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Department of Mathematical Sciences

Miura, Robert M.

Contact Info
Title: Distinguished Professor
Email: miura@njit.edu
Office: 515A Cullimore
Hours: Fall 2013: M,R 1-2:25 pm
Phone: 973-596-5464
Dept: Mathematical Sciences
Webpage: http://m.njit.edu/~miura/

About Me

Robert M. Miura is Professor of Mathematical Sciences and of Biomedical Engineering at the New Jersey Institute of Technology (NJIT).  The Department of Mathematical Sciences (DMS) is located in the College of Science and Liberal Arts (CSLA) at NJIT.  

The Department of Mathematical Sciences at NJIT has ten active mathematical biologists, comprising the largest group of math biologists in a mathematics department in North America.  Seven of these math biologists focus their research on computational neuroscience, including two whose research is on the electrophysiology of the nervous system.  Graduate students in DMS can earn a Ph.D. degree in mathematical sciences, with an emphasis in the field of computational biology. Undergraduate students in mathematical sciences can earn a B.S. degree in mathematical sciences and are given the opportunity to conduct leading edge research.

Education

  • PhD, Princeton University
  • MA, Princeton University
  • MS, University of  California, Berkeley
  • BS, University of  California, Berkeley 

Honors

  • Leroy P. Steele Prize, 2006 (with C.S. Gardner, J.M. Greene, and M.D. Kruskal)
  • AAAS Fellow, 2005
  • Fellow, Royal Society of Canada, 1995
  • John Simon Guggenheim Fellow, 1980-1981
  • UBC Senior Killam Fellowship, University of British Columbia, 1980-1981

Courses I Teach

Not teaching any courses this semester

Courses Taught

Spring 2007 -- Math 112 - Calculus II - Section 004Fall 2006 ----- Math 111 - Calculus I - Section 001                                                    - Section 003Spring 2006 - Math 791 - Graduate SeminarFall 2005 ----- Math 599 - Teaching in Mathematics              ----- Math 791 - Graduate SeminarFall 2004 ----- Math 690 - Advanced Applied Mathematics III:  Partial Differential Equations


Research Interests

The research of Robert M. Miura covers several areas in mathematical physiology, especially in neuroscience. The techniques used are mathematical modelling, mathematical analysis, approximation methods, and numerical simulations. His research on excitable biological cells, including neurons, cardiac cells, and pancreatic beta-cells, is aimed at understanding electrical effects on cell function and signalling. These studies involve detailed investigations of membrane electrical properties, subthreshold resonance, stochastic resonance, signal propagation on dendrites, and mechanisms leading to bursting electrical activity. His studies on spreading cortical depression, and more generally intercellular communication via ion flows, include analysis and simulations of partial differential equation models. Diffusion of ions in the brain is studied using the lattice Boltzmann method.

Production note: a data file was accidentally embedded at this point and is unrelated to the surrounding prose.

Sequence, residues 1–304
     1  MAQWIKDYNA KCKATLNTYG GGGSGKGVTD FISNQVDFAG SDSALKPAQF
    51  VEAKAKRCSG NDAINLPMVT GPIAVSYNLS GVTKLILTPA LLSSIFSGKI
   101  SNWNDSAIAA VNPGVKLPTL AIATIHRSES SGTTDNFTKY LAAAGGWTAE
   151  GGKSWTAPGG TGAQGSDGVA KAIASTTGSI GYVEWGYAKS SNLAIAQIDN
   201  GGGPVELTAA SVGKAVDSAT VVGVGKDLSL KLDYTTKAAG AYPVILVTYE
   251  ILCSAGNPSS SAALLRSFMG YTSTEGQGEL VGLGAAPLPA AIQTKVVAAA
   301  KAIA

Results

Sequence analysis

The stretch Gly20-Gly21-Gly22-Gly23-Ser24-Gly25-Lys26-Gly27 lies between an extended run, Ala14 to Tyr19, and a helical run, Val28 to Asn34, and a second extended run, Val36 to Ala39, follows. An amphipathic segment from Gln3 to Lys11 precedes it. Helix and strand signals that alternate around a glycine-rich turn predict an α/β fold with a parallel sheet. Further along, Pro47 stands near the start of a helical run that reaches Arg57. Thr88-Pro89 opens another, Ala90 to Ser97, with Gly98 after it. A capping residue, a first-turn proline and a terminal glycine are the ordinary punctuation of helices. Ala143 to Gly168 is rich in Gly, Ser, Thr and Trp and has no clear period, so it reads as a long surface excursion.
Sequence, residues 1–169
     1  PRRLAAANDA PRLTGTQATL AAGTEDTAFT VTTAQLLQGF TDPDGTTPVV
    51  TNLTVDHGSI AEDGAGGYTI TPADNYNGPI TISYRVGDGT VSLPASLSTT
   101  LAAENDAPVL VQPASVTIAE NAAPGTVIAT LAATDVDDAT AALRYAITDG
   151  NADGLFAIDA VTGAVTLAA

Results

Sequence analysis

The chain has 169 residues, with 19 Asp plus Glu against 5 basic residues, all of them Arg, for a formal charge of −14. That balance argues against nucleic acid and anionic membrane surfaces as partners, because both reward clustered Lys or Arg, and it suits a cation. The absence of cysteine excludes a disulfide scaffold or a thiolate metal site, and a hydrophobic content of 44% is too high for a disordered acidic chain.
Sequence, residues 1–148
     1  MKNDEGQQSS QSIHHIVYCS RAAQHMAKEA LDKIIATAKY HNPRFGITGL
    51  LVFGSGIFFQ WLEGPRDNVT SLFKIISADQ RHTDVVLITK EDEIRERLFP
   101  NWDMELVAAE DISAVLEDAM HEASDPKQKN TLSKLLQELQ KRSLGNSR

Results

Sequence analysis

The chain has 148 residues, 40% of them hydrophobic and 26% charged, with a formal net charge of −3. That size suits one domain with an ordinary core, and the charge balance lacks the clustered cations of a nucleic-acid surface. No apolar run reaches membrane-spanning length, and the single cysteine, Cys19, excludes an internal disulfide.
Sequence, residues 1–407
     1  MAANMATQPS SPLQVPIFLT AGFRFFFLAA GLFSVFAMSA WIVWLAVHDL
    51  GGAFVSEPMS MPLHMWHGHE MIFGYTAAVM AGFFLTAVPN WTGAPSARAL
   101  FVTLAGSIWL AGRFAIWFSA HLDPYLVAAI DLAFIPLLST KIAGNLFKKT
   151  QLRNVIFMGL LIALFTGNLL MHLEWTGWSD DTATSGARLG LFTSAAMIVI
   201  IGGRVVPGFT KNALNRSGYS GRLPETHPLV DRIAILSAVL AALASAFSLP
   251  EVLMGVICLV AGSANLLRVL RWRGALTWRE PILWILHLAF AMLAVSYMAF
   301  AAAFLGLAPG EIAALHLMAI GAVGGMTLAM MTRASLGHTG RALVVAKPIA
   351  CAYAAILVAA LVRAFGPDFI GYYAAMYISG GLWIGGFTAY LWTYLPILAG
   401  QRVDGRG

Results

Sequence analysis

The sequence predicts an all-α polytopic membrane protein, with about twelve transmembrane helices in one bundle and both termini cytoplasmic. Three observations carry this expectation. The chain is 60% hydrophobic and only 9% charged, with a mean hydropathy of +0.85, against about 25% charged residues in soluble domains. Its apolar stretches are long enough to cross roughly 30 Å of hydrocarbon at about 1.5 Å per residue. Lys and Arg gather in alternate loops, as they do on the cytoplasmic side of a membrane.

Recent Publications

  • R.M. Miura, H. Huang, and J.J. Wylie, "Cortical spreading depression:  An enigma". (submitted for publication).
  • P.D. Howell, J.J. Wylie, H. Huang, and R.M. Miura, "Stretching of heated threads with temperature-dependent viscosity:  Asymptotic analysis", Disc. Cont. Dyn. Syst. B, 7 (2007), 553-572.
  • H. Huang, J.J. Wylie, R.M. Miura, and P. Howell, “On the formation of glass microelectrodes”,  SIAM J. Appl. Math. 67 (2007), 630-666.
  • J.J. Wylie, H. Huang, and R.M. Miura, "Thermal instability in drawing viscous threads", J. Fluid Mech., 570 (2007), 1-16.
  • J.J. Wylie and R.M. Miura, "Traveling waves in coupled reaction-diffusion models with degenerate sources", Phys. Rev. E, 74 (2006), 021909 (and in Virtual J. Biological Phys. Res., August 15, 2006).
  • Y. Cheng, R.M. Miura, and B. Tian, "Prediction of mRNA polyadenylation sites by support vector machine", Bioinformatics, 22 (2006), 2320-2325.
  • B. Steinberg, Y. Wang, H. Huang, and R.M. Miura, “Spatial buffering mechanism: Mathematical model and computer simulations”, Math. Biosci. and Engin., 2 (2005), 675-702. 
  • M. Toda and R.M. Miura, “Nonlinear toys” in Encyclopedia of Nonlinear Science edited by A.C. Scott, Routledge, Taylor and Francis, New York, (2005), pp. 645-647.
  • S. Reinker, E. Puil, and R.M. Miura, “Membrane resonance and stochastic resonance modulate firing patterns of thalamocortical neurons”, J. Comp. Neurosci., 16 (2004), 15-25.
  • I. Ran, R.M. Miura, and E. Puil, “Spermine modulates neuronal excitability and NMDA receptors in juvenile gerbil auditory thalamus”, Hearing Res., 176 (2003), 65-79.
  • Y.X. Li, Y.Q. Wang, and R.M. Miura, “Clustering in small networks of excitatory neurons with heterogeneous coupling strengths”, J. Comp. Neurosci., 14, (2003), 139-159.
  • S. Reinker, E. Puil, and R.M. Miura, “Stochastic and suprathreshold resonances in a stochastic Hindmarsh-Rose model of thalamic neurons”, Bull. Math. Biol., 65 (2003), 641-663.
  • H. Huang, R.M. Miura, W. Ireland, and E. Puil, “Heat-induced stretching of a glass tube under tension: Application to glass microelectrodes”, SIAM J. Appl. Math., 63 (2003), 1499-1519.
  • A.E. Desjardins, Y.-X. Li, S. Reinker, R.M. Miura, and R. Neuman, “The influences of Ih on temporal summation in hippocampal CA1 pyramidal neurons: A modeling study”, J. Comp. Neurosci., 15 (2003), 131-142.